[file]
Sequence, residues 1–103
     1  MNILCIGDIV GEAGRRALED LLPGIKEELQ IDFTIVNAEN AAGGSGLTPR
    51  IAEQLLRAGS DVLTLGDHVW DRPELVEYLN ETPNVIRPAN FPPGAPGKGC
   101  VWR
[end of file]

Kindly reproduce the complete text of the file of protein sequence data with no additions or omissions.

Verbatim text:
Sequence, residues 1–103
     1  MNILCIGDIV GEAGRRALED LLPGIKEELQ IDFTIVNAEN AAGGSGLTPR
    51  IAEQLLRAGS DVLTLGDHVW DRPELVEYLN ETPNVIRPAN FPPGAPGKGC
   101  VWR